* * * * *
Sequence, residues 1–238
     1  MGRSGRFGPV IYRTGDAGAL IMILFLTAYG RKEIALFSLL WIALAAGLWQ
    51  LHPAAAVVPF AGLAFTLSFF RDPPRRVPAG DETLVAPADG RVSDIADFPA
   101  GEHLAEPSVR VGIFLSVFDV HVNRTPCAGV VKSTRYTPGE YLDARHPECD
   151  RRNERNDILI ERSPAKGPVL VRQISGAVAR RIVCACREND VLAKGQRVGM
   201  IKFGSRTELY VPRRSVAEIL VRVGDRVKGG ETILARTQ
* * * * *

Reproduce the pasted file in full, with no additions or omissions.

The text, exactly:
Sequence, residues 1–238
     1  MGRSGRFGPV IYRTGDAGAL IMILFLTAYG RKEIALFSLL WIALAAGLWQ
    51  LHPAAAVVPF AGLAFTLSFF RDPPRRVPAG DETLVAPADG RVSDIADFPA
   101  GEHLAEPSVR VGIFLSVFDV HVNRTPCAGV VKSTRYTPGE YLDARHPECD
   151  RRNERNDILI ERSPAKGPVL VRQISGAVAR RIVCACREND VLAKGQRVGM
   201  IKFGSRTELY VPRRSVAEIL VRVGDRVKGG ETILARTQ